March 9, 2018

Refrigerated Last Mile Delivery In The Midwest

Let's explore the growth of the Refrigerated Last Mile Delivery and Refrigerated Warehousing industries, and discuss ways in which they allow businesses to thrive

We’ve gone to great lengths in our blog to discuss the importance of last mile delivery as well as the emergence of an increasingly on-demand driven transportation and logistics industry.

Now it’s time to focus on one of the key growth areas in which they intersect:

Refrigerated last mile delivery.

In this post, we’re going to explore the growth of the refrigerated last mile delivery and refrigerated warehousing industries, and discuss ways in which they allow businesses to thrive.

REFRIGERATED WAREHOUSING AND TRANSPORTATION: INDUSTRY GROWTH

In 2017, the refrigerated warehousing industry’s value was estimated to be $17.98 Billion. That number is projected to increase to $29.17 Billion in 2017.

Where is this growth coming from?

Primarily, the increase in demand for refrigerated warehousing and last mile delivery correlates with an increase in demand for perishable foods and the massive growth of the ecommerce industry.

In 2016, FedEx Corp. founder Fred Smith predicted that global ecommerce sales were expected to reach $2.4 trillion by 2018. That number is now predicted to reach about $4.5 trillion by 2021, continuing its astronomical growth.

Factors like ecommerce growth are also driven forward by an increase in disposable income among citizens of emerging economies like China, India and Brazil.

But the increase in demand for refrigerated goods has also been significant in the United States.

Here’s a graph from Statista depicting the value ($ in billions) of frozen foods shipped in the United States between 2002 and 2016.

Value of Frozen Foods Shipped in US

A report from Research and Markets states that the refrigerated transportation in the United States is set to grow by 12.44 percent from 2014 through 2019.

LAST MILE DELIVERY: INDUSTRY GROWTH

Last mile delivery standards are being forced to improve continuously to fulfil the demands of consumers across the globe.

According to a study by McKinsey & Company,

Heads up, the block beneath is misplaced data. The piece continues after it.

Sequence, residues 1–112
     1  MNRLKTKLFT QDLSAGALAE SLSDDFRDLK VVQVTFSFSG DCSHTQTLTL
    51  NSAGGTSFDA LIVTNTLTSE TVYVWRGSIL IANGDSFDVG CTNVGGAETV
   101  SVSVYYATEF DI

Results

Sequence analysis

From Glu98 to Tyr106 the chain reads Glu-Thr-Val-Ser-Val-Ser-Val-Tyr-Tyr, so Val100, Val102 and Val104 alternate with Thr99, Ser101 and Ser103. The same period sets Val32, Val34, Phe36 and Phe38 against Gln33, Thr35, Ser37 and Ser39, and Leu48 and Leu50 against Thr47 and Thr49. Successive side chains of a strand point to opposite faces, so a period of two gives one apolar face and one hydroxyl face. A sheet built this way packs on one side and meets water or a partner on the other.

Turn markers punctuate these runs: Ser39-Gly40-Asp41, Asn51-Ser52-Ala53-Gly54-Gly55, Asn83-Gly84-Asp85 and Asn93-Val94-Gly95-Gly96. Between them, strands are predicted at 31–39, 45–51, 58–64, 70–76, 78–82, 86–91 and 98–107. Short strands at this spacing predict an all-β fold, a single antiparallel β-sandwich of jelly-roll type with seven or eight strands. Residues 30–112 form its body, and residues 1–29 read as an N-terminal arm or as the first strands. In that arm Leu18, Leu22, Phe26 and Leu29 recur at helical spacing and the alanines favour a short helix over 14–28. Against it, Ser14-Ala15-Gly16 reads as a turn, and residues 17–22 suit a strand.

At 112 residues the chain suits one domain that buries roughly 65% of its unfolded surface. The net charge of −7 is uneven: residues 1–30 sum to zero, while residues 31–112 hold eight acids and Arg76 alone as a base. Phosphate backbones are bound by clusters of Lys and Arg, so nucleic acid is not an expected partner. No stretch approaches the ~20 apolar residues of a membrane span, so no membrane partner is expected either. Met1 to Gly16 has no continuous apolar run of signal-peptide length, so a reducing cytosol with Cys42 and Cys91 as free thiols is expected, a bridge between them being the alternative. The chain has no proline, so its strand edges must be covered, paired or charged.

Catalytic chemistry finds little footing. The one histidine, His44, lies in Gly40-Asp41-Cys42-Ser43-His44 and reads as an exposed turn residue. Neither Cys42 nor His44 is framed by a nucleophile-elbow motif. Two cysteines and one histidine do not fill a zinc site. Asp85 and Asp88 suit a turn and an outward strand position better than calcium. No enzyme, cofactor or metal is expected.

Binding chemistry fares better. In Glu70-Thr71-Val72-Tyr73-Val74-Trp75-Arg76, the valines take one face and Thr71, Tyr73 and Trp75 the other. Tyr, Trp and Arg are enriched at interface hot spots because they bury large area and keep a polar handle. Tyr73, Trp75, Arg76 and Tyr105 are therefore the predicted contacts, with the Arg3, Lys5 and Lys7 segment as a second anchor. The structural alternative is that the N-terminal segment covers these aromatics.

“Almost 25 percent of customers are willing to pay significant premiums for the privilege of same-day or instant delivery. This share is likely to increase, given that younger consumers are more inclined (just over 30%) to choose same-day and instant delivery over regular delivery.”

Last mile often reaches or exceeds 50% of the total cost of parcel delivery, which is causing transportation and logistics companies to evolve, as startups enter the market to fulfil niche needs.

With the constantly growing demand for efficient last mile delivery and the consistent improvement of service providers in the industry, last mile is here to stay.

BACK TO THE MIDWEST: A USE CASE FOR REFRIGERATED LAST MILE DELIVERY IN MINNESOTA

While it’s clear how refrigerated last mile delivery is important to consumers, how does it benefit businesses, particularly on a local stage?

While there are thousands of uses for refrigerated last mile delivery, locally and nationally, let’s explore a particular example.

A local Minneapolis florist has a large quantity of loyal customers across the Twin Cities metropolitan area. The florist operates an ecommerce website, allowing customers to order bouquets online and get them delivered directly to their homes.

The florist uses a small refrigerated area in the back of its shop to store the completed bouquets before they are delivered, and uses a Minneapolis refrigerated courier service to get the bouquets in the hands of its customers.

Both the customers and consumers benefit from the role of the refrigerated courier service in providing timely last mile delivery that maintains the integrity of the product.

On first glance, it would seem that the bouquet delivery from the florist to the customer is the only use of refrigerated transportation and last mile delivery in the process, but that’s not the case:

How did the florist source the wholesale flowers it used to create the bouquets?

It’s likely that they purchased their flowers from a wholesale distributor operating a national or regional fleet with local refrigerated warehouses. This process may have even involved its own last mile delivery process, transporting the flowers from the local warehouse to the florist’s shop in refrigerated sprinters.

THE REFRIGERATED LAST MILE IS HERE TO STAY

While there are many uses for refrigerated last mile delivery across the industry spectrum, 3 factors suggest that it’s going to become more important in coming years:

  1. A rise in demand for expedited delivery of goods
  2. A massive increase in global ecommerce revenue
  3. A global increase in refrigerated freight volumes

Refrigerated transportation companies are raising their level of efficiency and service to fulfill the complex and growing needs of the marketplace.

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